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Leviathan Wilds Review

Review of: Leviathan Wilds
Board Game Review by::
Austin Charlie

Reviewed by:
On May 28, 2024
Last modified:May 28, 2024


Leviathan WildsI don’t want to waste time with one of my typical long-winded intros, so here goes—I think Leviathan Wilds is a truly special game, and one of the most engaging cooperative experiences I’ve played in a long time. Everything about it—from its production values to its flavor text—works in concert to subvert the violent expectations of this kind of game and create an experience that is simultaneously cinematic, uplifting, and a ton of fun.

Leviathan Wilds is a cooperative board game for 1-4 players that plays in 45-90 minutes.

Gameplay Overview:

In Leviathan Wilds, players work together to climb along the body of a massive Leviathan, with the goal of destroying all the crystals growing into its body. Each player has their own climber and deck (representing your grip), and the Leviathan is represented by a gridded map, dotted all over with corrupting crystals and friendly mushrooms (which can be picked up for special one-time powers).

Leviathan Wilds Cards
Each player chooses a different class during setup, which provides unique skill cards for their player deck.

At the start of a turn, you reveal the next threat card, which describes how the Leviathan will attack the players at the end of the turn. Then, you play a single card from your hand, and use the AP (action points) provided by that card to take actions. AP are primarily spent to move, but may also be spent to recover health, shuffle played cards back into your deck, or damage the myriad crystals on the Leviathan.

Each card also has a skill on it, which can be used on any player’s turn for a special effect–leaping across the map, blocking incoming damage, etc… However, played cards are not shuffled back into your deck until you rest, and your deck is quite small to begin with. If your deck is ever empty, you immediately lose your grip on the Leviathan, and fall downwards until you reach a safe point.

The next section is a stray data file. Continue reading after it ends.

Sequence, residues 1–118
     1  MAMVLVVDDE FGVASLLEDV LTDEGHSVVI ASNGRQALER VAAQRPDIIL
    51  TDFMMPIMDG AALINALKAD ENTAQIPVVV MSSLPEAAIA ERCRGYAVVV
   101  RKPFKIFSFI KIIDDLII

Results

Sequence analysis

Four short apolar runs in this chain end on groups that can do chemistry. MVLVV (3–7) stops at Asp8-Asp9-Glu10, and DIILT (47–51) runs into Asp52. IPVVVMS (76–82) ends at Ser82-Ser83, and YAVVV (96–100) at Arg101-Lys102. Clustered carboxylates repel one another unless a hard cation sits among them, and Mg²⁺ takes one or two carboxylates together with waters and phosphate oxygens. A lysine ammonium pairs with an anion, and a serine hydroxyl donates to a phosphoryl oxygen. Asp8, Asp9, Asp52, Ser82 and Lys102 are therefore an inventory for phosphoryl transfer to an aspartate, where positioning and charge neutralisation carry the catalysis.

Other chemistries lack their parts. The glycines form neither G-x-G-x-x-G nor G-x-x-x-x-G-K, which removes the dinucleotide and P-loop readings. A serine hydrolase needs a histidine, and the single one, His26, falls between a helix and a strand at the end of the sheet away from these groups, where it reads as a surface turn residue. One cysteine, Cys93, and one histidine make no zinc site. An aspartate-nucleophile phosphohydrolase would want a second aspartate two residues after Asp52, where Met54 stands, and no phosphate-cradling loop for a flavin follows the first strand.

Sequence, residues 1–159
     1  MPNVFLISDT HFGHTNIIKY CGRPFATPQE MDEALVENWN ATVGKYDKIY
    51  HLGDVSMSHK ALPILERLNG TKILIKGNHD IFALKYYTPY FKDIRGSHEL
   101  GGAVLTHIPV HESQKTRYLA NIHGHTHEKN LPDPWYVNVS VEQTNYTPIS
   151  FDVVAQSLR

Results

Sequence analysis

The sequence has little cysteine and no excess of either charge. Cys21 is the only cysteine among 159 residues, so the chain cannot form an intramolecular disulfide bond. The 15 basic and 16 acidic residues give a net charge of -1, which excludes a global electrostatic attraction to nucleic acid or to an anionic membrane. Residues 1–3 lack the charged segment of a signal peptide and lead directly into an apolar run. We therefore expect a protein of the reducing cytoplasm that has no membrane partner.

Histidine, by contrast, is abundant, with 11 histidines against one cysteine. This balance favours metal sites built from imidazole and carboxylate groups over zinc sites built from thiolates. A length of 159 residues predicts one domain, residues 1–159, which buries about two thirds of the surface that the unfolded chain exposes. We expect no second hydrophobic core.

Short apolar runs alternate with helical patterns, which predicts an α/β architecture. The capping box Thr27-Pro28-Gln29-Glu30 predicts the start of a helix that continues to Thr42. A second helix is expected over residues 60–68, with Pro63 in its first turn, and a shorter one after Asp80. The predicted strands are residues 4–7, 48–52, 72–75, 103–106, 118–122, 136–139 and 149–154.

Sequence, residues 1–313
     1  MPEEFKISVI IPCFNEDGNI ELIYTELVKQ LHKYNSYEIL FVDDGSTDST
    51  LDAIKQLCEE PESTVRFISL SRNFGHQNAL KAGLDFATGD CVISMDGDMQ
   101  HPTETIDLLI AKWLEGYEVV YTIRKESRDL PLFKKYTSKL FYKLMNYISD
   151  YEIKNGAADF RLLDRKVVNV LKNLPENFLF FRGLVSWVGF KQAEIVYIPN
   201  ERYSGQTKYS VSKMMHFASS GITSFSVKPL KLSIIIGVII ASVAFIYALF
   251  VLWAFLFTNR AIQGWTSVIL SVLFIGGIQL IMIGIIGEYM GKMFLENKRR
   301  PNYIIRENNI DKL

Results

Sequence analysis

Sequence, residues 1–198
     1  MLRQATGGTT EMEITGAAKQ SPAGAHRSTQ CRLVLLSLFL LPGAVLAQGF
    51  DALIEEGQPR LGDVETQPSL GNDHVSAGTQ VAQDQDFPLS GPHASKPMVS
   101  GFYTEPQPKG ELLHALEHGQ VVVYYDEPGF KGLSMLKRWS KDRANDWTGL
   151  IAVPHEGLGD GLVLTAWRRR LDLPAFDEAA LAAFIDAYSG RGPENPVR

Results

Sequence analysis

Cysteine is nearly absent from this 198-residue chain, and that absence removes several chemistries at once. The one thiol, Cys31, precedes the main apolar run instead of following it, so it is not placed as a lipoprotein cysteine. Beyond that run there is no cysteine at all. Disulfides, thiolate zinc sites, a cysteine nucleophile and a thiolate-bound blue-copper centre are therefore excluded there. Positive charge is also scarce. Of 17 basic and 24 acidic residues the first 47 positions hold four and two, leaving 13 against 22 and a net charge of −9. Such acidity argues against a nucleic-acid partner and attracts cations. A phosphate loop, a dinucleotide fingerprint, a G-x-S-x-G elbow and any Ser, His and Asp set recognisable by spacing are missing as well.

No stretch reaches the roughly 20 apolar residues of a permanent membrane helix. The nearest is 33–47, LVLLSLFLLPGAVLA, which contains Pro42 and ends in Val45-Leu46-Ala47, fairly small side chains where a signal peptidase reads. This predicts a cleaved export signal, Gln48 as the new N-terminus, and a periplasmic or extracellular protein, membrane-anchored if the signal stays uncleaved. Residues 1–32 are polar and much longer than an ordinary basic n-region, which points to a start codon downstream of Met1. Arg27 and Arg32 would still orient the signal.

Once your turn is over, the revealed threat card finally resolves. Sometimes these directly affect a specific player, but sometimes they target a pattern of points around the player, giving them a chance to dodge out of the way. As the game progresses, these threats become enraged, with more devastating effects and more widespread areas of impact.

When any climber is defeated, all other players get a single turn to complete their mission. If all crystals on the Leviathan are destroyed before that point, the creature is saved and the players win the game.

Leviathan Wilds Gameplay
Each Leviathan is beautifully rendered as an epic two-page spread, in the aptly-named “Book of Leviathans”.

Game Experience:

Leviathan Wilds is not flashy. It doesn’t have a branching campaign, dozens of detailed miniatures, or inexhaustible decks of cards. What it does have, though, is a set of mechanisms that have been honed to perfection.

Movement is the core of the gameplay, and it’s great. You’re rarely able to mosey from one point to another; points aren’t always connected, and many are especially treacherous, costing you health or grip when you enter them. There are ways to avoid them, but it’s sometimes better to plunge headlong into dangerous terrain to reach an out-of-the-way crystal or a tantalizing mushroom. Movement is also strangely asymmetric, thanks to Leviathan Wilds’ implementation of gravity. Moving down the map costs much less AP than climbing up or across, which transforms the map from a static assortment of points to an actual landscape.